The Canadian Armed Forces are marred by a "sexualized culture" that disproportionately affects lower-ranking female members, and most victims of sexual misconduct don't report the wrongdoing, a sweeping report has found.
Still, Canada's top military officer refused to promise to enact the main recommendation in the hard-hitting report, namely the creation of a fully independent agency to receive complaints of inappropriate sexual conduct and offer support to victims of assault and harassment. The United States, Australia and European countries such as France have already created organizations that are outside of the chain of command to deal with the reluctance of victims to come forward with complaints to their superiors.
General Tom Lawson agreed to the recommendation for a new organization in principle, but the Canadian military would only commit to creating a centralized system to handle complaints.
"We have to look at what provides the proper outcome for our members," the Chief of the Defence Staff, who is soon to retire, said at a news conference on Thursday. "Should it be above the Chief of the Defence Staff? That is one of things we will be looking at."
Marie Deschamps, the former Supreme Court judge and author of the report, said the independence of the institution was crucial to dealing with the problem. She promised to keep a watchful eye on the Canadian Armed Forces, which are embarking on an international round of consultations before deciding on the best solution for the country's military.
"I don't hear a 'no,' so that is a start," Ms. Deschamps said. The report was prompted by media reports of sexual misconduct.
Gen. Lawson acknowledged that in his eyes, the biggest problem identified in the report is the clear under-reporting of complaints. He had played down the possibility of systemic problems in the military last year, but said he has since been convinced that they exist.
"The problem lies not only with those who behave poorly or maliciously, the responsibility also rests with those who idly stand by and permit inappropriate behaviour to persist, from jokes to harassment to assaults," he said.
He called for a cultural shift inside the Canadian Armed Forces, stating that other massive changes have occurred in recent decades, from implementing tighter safety for fighter pilots to tackling mental-health problems.
Chief Warrant Officer Kevin West said failure is not an option in dealing with the problem, while Major-General Chris Whitecross said her team was already looking to offer improved services and support to victims of inappropriate sexual actions.
After engaging with 700 members of all ranks across Canada, Ms. Deschamps found a clear "disjunction" between the military ethos and the day-to-day reality of its members.
Women suffer routinely from degrading expressions, sexual jokes and unwelcome touching – a situation that leads to abuses in a number of circumstances, including date rape and inappropriate relationships between males and females of differing ranks.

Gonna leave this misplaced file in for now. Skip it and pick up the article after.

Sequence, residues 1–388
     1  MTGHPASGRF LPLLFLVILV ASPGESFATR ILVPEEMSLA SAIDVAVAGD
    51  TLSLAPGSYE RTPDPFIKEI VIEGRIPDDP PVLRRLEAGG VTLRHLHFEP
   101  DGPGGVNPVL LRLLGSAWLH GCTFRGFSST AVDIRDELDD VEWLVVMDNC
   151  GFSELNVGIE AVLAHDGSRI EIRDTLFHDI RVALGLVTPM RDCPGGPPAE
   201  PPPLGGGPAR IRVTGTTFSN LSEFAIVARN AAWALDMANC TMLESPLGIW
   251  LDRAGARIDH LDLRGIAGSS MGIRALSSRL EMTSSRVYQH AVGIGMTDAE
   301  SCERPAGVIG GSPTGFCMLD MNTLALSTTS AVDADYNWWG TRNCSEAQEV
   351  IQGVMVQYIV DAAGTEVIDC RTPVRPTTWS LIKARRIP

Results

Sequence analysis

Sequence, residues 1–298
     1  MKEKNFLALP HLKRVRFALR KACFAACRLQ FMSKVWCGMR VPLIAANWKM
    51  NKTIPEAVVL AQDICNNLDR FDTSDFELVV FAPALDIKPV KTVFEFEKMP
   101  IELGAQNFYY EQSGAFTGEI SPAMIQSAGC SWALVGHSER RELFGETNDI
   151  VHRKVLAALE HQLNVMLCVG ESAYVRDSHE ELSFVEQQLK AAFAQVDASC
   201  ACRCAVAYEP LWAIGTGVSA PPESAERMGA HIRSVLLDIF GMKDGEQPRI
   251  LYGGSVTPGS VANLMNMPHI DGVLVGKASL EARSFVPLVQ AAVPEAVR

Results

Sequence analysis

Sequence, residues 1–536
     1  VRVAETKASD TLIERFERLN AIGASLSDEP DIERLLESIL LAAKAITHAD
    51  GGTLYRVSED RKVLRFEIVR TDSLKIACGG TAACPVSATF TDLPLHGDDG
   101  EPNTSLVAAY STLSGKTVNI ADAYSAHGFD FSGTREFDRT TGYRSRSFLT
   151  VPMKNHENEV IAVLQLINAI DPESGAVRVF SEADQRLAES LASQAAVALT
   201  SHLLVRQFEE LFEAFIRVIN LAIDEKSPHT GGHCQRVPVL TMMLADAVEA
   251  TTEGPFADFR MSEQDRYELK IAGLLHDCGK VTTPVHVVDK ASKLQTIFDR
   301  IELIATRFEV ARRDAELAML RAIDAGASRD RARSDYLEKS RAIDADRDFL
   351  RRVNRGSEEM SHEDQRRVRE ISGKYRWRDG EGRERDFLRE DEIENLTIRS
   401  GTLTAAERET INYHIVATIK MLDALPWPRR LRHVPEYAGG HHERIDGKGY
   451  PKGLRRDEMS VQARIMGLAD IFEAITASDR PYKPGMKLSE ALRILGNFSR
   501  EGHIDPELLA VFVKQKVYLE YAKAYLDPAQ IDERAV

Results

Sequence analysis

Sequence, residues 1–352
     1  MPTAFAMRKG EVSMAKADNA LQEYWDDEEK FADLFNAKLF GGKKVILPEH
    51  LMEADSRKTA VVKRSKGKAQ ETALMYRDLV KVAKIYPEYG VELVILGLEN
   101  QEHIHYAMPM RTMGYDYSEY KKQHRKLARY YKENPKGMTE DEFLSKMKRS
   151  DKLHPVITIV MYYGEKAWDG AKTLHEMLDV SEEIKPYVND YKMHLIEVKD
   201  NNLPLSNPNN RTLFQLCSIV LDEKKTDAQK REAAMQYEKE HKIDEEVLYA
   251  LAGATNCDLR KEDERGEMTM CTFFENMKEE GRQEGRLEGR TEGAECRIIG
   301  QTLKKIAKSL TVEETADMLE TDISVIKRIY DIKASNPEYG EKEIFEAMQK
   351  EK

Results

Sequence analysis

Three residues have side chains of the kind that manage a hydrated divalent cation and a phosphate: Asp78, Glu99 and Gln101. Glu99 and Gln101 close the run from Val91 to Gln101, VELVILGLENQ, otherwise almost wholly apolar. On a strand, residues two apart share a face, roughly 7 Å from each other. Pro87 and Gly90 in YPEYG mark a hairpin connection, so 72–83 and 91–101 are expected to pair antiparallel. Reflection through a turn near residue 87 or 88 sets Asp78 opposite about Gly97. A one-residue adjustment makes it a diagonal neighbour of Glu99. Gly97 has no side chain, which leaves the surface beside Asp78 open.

"Cumulatively, such conduct creates an environment that is hostile to women and LGTBQ members, and is conducive to more serious incidents of sexual harassment and assault," the report said. "At the most serious extreme, these reports of sexual violence highlighted the use of sex to enforce power relationships and to punish and ostracize a member of a unit."
One member was quoted as saying "there is not a female who has not had a problem" since joining the Forces. The situation starts as soon as women enlist, although "trainees are reluctant to call the behaviour of their trainers in question for fear of negative repercussions."
"Ultimately, many women report having to develop a thick skin and to become desensitized to a culture of sexually inappropriate conduct," the report said.
Over all, the report found that "a large percentage" of cases of sexual assault and harassment are not reported, given fears that complaints will hurt one's career or not be treated confidentially.
"First and foremost, interviewees stated that fear of negative repercussions for career progression, including being removed from the unit, is one of the most important reasons why members do not report such incidents. Victims expressed concerns about not being believed, being stigmatized as weak, labelled a trouble-maker, subjected to retaliation by peers and supervisors, or diagnosed as unfit for work," the report said.
One of the main problems facing the Canadian Armed Forces is a widespread perception that it is acceptable to objectify women's bodies, make hurtful jokes and "cast aspersions" on female members.
"The [report] found that members appear to become inured to this sexualized culture as they move up the ranks," the report said. "Officers tend to excuse incidents of inappropriate conduct on the basis that the CAF is merely a reflection of civilian society. There is also a strong perception that senior [non-commissioned officers] are responsible for imposing a culture where no one speaks up and which functions to deter victims from reporting sexual misconduct."
One of the major problems for women in the Forces is that they are not welcomed by all of their male colleagues. "Many men continue to hold negative attitudes about the presence of women in the military. … Most men did not view sexual language as harassing, and thought that attempts to 'police' language would be 'ridiculous'; as one male participant states, 'girls that come to the Army know what to expect.'"
The result of this situation is that some officers higher up in the chain of command "are genuinely unaware of the extent of the inappropriate sexual conduct that is occurring on the ground, the harm to individual members, and the damage to the CAF as a whole."